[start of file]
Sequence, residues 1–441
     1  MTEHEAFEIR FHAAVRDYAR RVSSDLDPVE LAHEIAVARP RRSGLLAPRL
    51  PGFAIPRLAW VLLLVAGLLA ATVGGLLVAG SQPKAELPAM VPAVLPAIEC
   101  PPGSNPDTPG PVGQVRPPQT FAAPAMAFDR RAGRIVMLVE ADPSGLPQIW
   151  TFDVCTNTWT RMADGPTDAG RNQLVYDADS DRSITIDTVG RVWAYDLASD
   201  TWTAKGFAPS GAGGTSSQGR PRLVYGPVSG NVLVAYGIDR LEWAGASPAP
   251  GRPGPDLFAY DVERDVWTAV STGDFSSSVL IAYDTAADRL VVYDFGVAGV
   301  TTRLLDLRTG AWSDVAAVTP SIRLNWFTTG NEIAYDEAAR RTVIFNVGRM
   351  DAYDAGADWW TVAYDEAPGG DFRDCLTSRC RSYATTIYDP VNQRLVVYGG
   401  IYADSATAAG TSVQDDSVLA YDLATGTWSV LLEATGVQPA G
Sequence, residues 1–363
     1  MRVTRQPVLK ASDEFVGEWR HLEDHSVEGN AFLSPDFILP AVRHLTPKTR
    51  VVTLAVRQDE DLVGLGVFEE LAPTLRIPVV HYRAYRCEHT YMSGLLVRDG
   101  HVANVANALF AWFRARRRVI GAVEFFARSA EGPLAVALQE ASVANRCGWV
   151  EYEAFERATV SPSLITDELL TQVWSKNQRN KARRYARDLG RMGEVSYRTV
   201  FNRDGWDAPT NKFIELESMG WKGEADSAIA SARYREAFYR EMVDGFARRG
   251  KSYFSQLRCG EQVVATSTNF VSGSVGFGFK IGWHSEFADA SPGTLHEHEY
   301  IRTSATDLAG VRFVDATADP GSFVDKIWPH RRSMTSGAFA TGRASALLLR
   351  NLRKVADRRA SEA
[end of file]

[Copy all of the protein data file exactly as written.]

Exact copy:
Sequence, residues 1–441
     1  MTEHEAFEIR FHAAVRDYAR RVSSDLDPVE LAHEIAVARP RRSGLLAPRL
    51  PGFAIPRLAW VLLLVAGLLA ATVGGLLVAG SQPKAELPAM VPAVLPAIEC
   101  PPGSNPDTPG PVGQVRPPQT FAAPAMAFDR RAGRIVMLVE ADPSGLPQIW
   151  TFDVCTNTWT RMADGPTDAG RNQLVYDADS DRSITIDTVG RVWAYDLASD
   201  TWTAKGFAPS GAGGTSSQGR PRLVYGPVSG NVLVAYGIDR LEWAGASPAP
   251  GRPGPDLFAY DVERDVWTAV STGDFSSSVL IAYDTAADRL VVYDFGVAGV
   301  TTRLLDLRTG AWSDVAAVTP SIRLNWFTTG NEIAYDEAAR RTVIFNVGRM
   351  DAYDAGADWW TVAYDEAPGG DFRDCLTSRC RSYATTIYDP VNQRLVVYGG
   401  IYADSATAAG TSVQDDSVLA YDLATGTWSV LLEATGVQPA G
Sequence, residues 1–363
     1  MRVTRQPVLK ASDEFVGEWR HLEDHSVEGN AFLSPDFILP AVRHLTPKTR
    51  VVTLAVRQDE DLVGLGVFEE LAPTLRIPVV HYRAYRCEHT YMSGLLVRDG
   101  HVANVANALF AWFRARRRVI GAVEFFARSA EGPLAVALQE ASVANRCGWV
   151  EYEAFERATV SPSLITDELL TQVWSKNQRN KARRYARDLG RMGEVSYRTV
   201  FNRDGWDAPT NKFIELESMG WKGEADSAIA SARYREAFYR EMVDGFARRG
   251  KSYFSQLRCG EQVVATSTNF VSGSVGFGFK IGWHSEFADA SPGTLHEHEY
   301  IRTSATDLAG VRFVDATADP GSFVDKIWPH RRSMTSGAFA TGRASALLLR
   351  NLRKVADRRA SEA